Kicking it with club sports

When high school sports don’t exist, student rely on their club teams


Monarch senior, Brae Cole, plays with her club on her home field in 2019

Carolyn Jewett and Amelia Krueger

A whistle blows. The crowds around the soccer field chatter with excitement as the players watch the ball like hawks, as they sprint, dodge, and sweat to make a goal.

Brae Cole ‘21, a athlete for Real Colorado has been a part of these games for as long as she can remember.

“My entire family plays soccer. Both my mom and my dad played soccer in college and I grew up in the environment,” Cole said.

She started off at an early age watching her father play in adult leagues, attending the games and watching with wide eyes. It only seems natural that she would have started playing at the age of four.

Her experience over the years has allowed her the opportunity of trying both a more focused, competitive club sport environment, and a more carefree, though equally as collaborative, school sport environment.

“For school [sports], you are around these people all day and then you go and play soccer with them,” she said. “With club, you’re meeting new people. That’s where I make most of my friends.”

Club sports are programs offered outside of the high school sports season, and are typically more competitive. The seasons are usually longer, with more games, more training, and more opportunities.

Cole says one of the advantages of club sports is the ability to participate in showcase events to get recruited and scouted by colleges.

“There’s a lot of opportunities,” she said. “I think we go on about 8 trips a year. We go to showcases in Arizona or California, and last year we went to Florida to get scouted by recruiters.”

Some athletes participating in club sports are looking to get scouted by colleges, and playing club sports gives them more opportunities to build profiles and attend recruitment events. The commitment is larger and more intense than playing with a high school team would be. High school sports gives recruitment opportunities as well, but to a lesser extent.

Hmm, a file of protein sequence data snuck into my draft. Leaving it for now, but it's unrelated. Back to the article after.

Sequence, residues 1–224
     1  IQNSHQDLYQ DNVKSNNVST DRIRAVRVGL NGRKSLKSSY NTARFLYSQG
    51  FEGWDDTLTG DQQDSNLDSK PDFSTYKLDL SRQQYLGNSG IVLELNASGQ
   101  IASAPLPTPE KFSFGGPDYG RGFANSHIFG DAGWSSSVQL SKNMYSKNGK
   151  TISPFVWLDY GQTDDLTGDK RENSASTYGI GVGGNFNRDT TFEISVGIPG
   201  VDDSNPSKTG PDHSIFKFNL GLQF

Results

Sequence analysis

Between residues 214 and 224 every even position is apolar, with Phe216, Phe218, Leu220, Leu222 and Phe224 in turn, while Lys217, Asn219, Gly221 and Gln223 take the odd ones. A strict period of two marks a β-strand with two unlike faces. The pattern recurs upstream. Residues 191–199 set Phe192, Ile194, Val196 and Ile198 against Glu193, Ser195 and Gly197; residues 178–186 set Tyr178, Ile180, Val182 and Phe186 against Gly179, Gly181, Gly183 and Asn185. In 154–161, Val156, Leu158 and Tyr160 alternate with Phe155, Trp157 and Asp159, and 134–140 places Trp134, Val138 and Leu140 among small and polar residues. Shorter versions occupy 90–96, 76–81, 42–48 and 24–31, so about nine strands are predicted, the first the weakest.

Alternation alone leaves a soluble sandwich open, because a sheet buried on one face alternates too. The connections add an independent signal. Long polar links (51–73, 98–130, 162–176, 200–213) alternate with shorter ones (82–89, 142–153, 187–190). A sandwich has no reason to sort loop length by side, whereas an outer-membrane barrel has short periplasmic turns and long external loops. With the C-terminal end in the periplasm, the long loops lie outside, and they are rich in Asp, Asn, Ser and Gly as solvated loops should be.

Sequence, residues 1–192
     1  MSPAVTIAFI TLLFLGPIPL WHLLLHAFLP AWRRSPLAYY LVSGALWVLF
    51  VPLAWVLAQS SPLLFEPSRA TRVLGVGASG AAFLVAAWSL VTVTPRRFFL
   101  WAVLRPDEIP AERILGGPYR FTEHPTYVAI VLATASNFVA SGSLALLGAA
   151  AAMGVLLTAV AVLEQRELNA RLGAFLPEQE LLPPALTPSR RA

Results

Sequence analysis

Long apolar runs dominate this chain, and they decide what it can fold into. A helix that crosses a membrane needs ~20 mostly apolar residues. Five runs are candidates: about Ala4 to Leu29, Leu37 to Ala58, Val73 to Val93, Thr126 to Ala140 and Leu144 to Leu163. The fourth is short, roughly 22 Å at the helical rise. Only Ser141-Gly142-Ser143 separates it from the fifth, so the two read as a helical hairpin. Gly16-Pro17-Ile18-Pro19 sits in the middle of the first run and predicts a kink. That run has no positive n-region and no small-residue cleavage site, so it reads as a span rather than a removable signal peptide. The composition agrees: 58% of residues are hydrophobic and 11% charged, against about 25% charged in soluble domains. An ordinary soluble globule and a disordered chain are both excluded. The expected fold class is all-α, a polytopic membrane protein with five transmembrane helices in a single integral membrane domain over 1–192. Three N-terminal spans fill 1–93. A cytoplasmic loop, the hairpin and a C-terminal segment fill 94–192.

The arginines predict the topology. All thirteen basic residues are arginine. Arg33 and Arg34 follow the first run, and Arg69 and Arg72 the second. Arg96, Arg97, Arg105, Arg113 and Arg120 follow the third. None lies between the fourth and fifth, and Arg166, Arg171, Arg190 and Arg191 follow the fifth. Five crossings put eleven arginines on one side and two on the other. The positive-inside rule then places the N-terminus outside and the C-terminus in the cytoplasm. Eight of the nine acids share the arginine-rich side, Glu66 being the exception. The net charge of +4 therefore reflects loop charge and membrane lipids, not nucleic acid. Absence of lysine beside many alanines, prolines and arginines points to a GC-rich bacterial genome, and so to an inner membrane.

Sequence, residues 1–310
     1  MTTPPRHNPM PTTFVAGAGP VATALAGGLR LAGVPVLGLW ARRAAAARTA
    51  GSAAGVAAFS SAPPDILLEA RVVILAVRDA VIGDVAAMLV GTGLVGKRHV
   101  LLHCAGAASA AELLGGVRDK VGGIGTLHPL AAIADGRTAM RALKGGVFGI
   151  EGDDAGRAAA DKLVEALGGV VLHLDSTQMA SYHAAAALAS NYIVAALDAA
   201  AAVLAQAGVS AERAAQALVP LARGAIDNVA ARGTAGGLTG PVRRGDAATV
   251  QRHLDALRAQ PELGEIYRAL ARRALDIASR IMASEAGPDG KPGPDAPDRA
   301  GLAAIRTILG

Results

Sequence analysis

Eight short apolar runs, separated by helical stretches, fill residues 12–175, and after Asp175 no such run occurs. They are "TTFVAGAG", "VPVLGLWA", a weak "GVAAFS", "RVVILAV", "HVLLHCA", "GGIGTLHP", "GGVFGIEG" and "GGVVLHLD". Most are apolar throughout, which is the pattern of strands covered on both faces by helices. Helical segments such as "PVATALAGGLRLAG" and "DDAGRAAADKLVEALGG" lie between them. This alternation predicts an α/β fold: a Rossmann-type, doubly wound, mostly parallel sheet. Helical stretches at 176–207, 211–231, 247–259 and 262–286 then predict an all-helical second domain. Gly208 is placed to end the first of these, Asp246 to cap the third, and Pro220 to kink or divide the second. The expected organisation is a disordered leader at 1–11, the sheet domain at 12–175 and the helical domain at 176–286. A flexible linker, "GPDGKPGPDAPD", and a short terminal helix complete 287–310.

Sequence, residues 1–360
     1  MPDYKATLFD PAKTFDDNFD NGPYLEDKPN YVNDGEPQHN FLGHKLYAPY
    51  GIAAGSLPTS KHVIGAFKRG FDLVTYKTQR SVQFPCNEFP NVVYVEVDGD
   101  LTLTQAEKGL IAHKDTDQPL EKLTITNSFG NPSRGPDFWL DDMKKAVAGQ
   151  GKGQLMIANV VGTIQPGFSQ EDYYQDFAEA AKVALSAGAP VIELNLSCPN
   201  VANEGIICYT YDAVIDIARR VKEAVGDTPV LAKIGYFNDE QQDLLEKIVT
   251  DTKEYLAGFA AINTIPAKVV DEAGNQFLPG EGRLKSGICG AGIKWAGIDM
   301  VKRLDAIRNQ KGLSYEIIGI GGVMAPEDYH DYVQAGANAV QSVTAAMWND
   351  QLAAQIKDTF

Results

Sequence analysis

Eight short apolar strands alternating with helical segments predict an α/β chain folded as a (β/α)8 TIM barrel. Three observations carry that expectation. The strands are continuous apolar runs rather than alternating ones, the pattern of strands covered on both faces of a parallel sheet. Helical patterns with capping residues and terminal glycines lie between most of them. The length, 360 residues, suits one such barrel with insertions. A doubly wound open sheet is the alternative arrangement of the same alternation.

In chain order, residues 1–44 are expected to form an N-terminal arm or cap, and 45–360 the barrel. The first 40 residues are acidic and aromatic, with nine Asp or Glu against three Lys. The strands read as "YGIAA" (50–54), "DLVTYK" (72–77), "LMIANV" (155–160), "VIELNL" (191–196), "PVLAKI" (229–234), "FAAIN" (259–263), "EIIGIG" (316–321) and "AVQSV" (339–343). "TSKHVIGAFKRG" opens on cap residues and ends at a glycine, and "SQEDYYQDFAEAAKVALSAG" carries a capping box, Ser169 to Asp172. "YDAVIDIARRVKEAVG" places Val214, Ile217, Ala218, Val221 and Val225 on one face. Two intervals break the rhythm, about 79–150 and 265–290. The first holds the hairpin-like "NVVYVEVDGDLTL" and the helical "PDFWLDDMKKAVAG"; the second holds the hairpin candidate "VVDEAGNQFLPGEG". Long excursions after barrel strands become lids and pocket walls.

Katelyn Smith, ‘22, has her foot in both worlds, playing soccer at Monarch High School and at Westminster Soccer Club.

“I think both [high school and club sports] can have benefits because if you’re trying to play for college, it is helpful to play both because college scouts like to look at both of those,” Smith said.

“But I kind of enjoy club soccer better because it’s a bit more competitive and more serious than high school soccer is.”

Having the opportunity to train for the whole year is a large advantage for club athletes, and Celia Webster, ‘22, knows exactly what that’s like. She swims for Flatirons Athletic Club, and practices everyday, all year long.

“You get to swim and do your activity the entire year, unlike high school,” Webster said. “So you never lose progress.” Club sports allow athletes to train year around and build recruitment profiles all year long, whereas high school seasons only build for around 12 weeks.

Through club programs, athletes can train and prepare themselves not only for college, but also as a way to stand out during the school season.

“I’m doing private lessons through Rough Riders Volleyball Club,’’ Maddy Krueger ‘24 said. “These lessons prepare me for high school volleyball and grow my skill level.”

Because Krueger is a freshman, she hasn’t had the opportunity to play on a high school team yet, but hopes to improve her skills to set her apart from her peers.

This season has been difficult, with delayed start for both club and school sports.

“High school sports are definitely a lot more relaxed and not as competitive and serious as club is, I guess,” Cole said. “We had a huge period of time where we weren’t allowed to do anything, and the rest of our season got canceled [due to COVID] so that kind of set a lot of things back.”